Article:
It seems that I got called out for wondering why the condition of the ice at Verizon Center isn't worthy of a story in one of the local papers. Fair enough, I suppose.
I mean, it's only two players (representing $4.5 million in 2008-09 player salaries) who have gone on record (and how many haven't been as forthcoming?) saying that the poor quality of their home sheet has contributed to their own injuries.
And it's only the team's captain who called that same ice "the worst in the league," and who related stories of opposing players coming to town and querying how the Caps play on such slush.
And it's only the team's owner himself who acknowledged the problem, noting:
"[W]e are working with all parties to improve the quality and consistency [of the ice]. We deserve great ice. We have a great facility. We will do our best to work with building management to make it right."
And it's only the opposition at the most critical time of the year virtually thanking the Verizon Center staff for leveling the playing field, as Daniel Briere noted last April:
"Another thing that favored us was the condition of the ice," he said. "It was so bad that it was tough for guys like Semin, Backstrom and Ovechkin to get anything going, the ice was so bad. That was another thing that went our way."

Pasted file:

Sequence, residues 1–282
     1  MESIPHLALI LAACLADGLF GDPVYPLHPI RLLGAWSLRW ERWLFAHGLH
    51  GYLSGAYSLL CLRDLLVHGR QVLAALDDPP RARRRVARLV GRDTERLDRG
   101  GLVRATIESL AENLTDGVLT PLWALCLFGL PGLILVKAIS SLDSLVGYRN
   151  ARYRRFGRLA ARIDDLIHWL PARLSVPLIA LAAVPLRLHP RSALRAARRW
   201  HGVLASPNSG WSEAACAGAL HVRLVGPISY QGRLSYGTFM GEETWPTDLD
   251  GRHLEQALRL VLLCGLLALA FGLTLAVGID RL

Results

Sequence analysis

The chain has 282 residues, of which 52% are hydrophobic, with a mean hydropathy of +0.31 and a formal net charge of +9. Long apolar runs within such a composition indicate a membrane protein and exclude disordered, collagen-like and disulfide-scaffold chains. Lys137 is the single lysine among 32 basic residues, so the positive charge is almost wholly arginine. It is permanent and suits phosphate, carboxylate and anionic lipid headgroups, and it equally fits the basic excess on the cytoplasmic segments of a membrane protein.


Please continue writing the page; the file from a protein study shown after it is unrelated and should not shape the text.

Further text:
Now, other than Shaone Morrisonn's recent comments on the role the Verizon Center ice played in his injury, the above quotes are from last season. Has something changed in the interim? Has the ice prep crew gone to school on how best to ready a playable surface in a relatively warm and humid climate? A story on the ice conditions is really all I was asking for, and if the story is "Everything's great," then that's the story - at least it'd help put an end to any questions about it. Frankly, it's almost shocking to see a new media pioneer type the words, "If it was an issue, the media would write something about it."
So I guess I'll continue to ask questions "without facts as a basis" and continue to read fluffy stories about career minor leaguers making it to the show... at least, that is, until it's Alex Ovechkin who catches a rut or Alex Semin who has a playoff series on his stick until the puck bounces on him. Then, perhaps, the ice condition at the Verizon Center will be an issue. Because it's clearly not now.
One final note: asserting that because the team has a great home record, the ice must be good is somewhat faulty logic. In fact, it might be quite the opposite - perhaps familiarity with a poor surface creates the home ice advantage that leads to a 12-1-1 record (I don't, however, believe this to be the case). Regardless, the better team is still the better team whether they're playing on good ice or not, and I don't think anyone would want to claim that it's the ice - and not the players - that has made the Caps such a dominant team at home.